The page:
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Misplaced decimal prompted legal challenge; petitioner plans to appeal ruling

The legal challenge to the Columbia 911 Communications District's May 2019 levy vote is over, for now.

The ballot measure intended to ask voters to renew the existing levy rate of $0.29 per $1,000 in assessed value. But because of a typo, the measure stated the rate would be .29 cents, or 1/100th of the intended value.

The May ballot measure passed by a wide margin, with 74% of votes, but a lawsuit was soon filed by Tyler Miller, a Scappoose resident who also formerly worked on a communications project for Columbia 911.

Last month, Columbia County Circuit Judge Ted Grove dismissed Miller's lawsuit.

Columbia 911 had made a separate legal filing last year seeking judicial validation of the election results. Grove agreed that the district could levy the tax at a rate of 29 cents per $1,000 in assessed value.

Grove's judgement agreed with the district's stance but made little legal assessment.

Columbia 911 argued that voters knew the measure intended for a rate of 29 cents per $1,000 in assessed value because that was the rate voters had approved in the past and sample calculations included in the measure summary reflected the 29 cent rate, not .29 cents.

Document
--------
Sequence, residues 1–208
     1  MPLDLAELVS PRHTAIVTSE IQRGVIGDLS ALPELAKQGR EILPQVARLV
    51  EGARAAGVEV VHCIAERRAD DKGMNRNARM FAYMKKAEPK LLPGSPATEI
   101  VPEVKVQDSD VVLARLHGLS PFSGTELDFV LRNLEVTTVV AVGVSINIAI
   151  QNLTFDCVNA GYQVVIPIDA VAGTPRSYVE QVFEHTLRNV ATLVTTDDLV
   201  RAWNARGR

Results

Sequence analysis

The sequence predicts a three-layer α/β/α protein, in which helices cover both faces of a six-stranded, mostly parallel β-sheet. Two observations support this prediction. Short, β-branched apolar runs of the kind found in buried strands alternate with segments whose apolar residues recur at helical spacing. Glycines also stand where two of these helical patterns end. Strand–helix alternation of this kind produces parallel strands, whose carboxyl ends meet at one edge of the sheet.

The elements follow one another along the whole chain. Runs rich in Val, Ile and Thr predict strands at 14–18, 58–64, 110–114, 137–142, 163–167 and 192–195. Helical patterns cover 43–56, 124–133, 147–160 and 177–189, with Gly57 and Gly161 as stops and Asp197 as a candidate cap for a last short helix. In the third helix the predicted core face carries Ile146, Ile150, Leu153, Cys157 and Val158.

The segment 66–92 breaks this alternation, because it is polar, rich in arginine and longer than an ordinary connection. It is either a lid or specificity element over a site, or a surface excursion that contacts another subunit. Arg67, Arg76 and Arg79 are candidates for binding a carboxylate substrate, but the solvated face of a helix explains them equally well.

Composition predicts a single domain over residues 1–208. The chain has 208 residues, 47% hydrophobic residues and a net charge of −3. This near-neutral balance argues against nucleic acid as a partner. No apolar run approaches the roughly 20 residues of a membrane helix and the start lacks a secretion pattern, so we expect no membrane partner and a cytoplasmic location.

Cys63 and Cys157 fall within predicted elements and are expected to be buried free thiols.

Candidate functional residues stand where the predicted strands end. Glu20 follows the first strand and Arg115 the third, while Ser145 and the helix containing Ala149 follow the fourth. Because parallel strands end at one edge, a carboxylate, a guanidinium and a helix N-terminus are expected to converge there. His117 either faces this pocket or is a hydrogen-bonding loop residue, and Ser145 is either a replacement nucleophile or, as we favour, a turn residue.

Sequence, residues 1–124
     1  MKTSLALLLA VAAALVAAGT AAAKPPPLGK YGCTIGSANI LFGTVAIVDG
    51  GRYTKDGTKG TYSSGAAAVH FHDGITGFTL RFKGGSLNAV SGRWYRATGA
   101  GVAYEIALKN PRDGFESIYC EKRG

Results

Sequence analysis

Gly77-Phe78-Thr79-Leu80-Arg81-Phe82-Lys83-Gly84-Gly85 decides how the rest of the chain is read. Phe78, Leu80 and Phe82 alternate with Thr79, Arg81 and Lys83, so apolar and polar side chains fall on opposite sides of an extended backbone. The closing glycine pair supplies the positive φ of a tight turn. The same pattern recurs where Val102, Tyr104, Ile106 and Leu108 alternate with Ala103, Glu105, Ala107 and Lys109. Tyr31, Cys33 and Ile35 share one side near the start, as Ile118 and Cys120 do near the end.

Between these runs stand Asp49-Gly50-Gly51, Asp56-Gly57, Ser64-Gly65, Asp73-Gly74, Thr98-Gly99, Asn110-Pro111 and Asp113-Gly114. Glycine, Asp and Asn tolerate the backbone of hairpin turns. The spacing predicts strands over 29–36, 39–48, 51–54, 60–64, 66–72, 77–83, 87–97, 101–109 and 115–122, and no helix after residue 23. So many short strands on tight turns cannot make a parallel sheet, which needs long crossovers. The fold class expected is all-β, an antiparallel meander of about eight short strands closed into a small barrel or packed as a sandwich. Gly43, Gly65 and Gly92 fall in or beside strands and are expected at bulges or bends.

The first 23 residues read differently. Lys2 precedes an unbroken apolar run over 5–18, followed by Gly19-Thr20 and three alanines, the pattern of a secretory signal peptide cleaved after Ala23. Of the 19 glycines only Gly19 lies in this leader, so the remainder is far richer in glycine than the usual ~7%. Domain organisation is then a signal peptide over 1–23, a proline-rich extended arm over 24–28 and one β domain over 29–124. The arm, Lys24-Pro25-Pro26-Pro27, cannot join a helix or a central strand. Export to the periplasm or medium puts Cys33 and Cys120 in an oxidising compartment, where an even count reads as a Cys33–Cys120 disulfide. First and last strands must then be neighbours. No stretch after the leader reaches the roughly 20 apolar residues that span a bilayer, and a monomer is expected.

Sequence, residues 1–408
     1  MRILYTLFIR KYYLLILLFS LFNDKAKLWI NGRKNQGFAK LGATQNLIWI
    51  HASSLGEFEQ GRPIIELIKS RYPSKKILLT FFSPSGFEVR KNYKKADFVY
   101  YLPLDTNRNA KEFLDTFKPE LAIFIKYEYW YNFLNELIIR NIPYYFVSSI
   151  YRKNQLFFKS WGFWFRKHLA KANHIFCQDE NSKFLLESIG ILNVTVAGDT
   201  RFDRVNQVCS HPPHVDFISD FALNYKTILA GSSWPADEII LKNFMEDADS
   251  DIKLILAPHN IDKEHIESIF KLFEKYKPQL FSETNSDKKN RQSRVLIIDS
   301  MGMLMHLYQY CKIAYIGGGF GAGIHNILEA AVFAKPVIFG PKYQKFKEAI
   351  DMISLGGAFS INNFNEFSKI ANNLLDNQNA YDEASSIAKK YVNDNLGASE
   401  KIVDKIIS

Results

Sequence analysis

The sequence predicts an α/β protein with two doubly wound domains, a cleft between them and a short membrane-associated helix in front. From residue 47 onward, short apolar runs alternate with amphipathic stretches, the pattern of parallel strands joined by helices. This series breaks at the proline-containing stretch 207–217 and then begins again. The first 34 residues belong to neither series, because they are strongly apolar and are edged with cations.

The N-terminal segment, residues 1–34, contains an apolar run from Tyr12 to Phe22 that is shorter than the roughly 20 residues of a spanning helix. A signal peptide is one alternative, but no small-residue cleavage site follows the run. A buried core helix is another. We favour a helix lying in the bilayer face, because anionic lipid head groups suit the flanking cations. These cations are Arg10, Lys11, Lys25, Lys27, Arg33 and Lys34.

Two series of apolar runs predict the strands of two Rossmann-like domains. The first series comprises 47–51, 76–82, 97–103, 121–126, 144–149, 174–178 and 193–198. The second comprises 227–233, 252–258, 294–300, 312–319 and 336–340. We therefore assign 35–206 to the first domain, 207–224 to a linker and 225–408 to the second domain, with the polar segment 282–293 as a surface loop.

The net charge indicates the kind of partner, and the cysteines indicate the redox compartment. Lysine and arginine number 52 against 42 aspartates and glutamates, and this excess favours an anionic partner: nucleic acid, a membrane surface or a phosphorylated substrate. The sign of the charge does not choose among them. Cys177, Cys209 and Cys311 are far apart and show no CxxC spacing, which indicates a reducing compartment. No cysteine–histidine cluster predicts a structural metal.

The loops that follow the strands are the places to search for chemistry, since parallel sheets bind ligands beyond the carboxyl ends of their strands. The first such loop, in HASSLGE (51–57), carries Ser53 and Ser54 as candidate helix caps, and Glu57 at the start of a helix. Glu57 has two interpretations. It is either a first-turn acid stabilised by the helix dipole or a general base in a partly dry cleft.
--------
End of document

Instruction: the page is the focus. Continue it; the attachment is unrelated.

The district argued that the board had already approved a resolution certifying the election results at $0.29 per $1,000.

Both parties had made motions to dismiss the legal proceeding brought by the other party.

The levy accounts for a significant portion of the district's annual budget. In July, Columbia 911 Executive Director Mike Fletcher said that if the court determined the district could only levy a $.0029 per $1,000 rate, the district would most likely pursue a new ballot measure with the intended rate.

This week, Fletcher said the district "will let the court's findings and ruling speak for itself."

"I think we all anticipated the ruling to be what it was," Miller wrote in an email to the Spotlight.

"The decision is being appealed to the Oregon Appeals Court. Meanwhile, ORS 294.100 likely makes the 911 board of directors personally liable for the tax payer money spent, should the Appeals Court agree with my position that the 911 district has no authority to collect the tax rate they have already begun to collect. Legal counsel and I both agree there is a strong chance of prevailing at the Appeals Court level. The law is clear. That law is being ignored."


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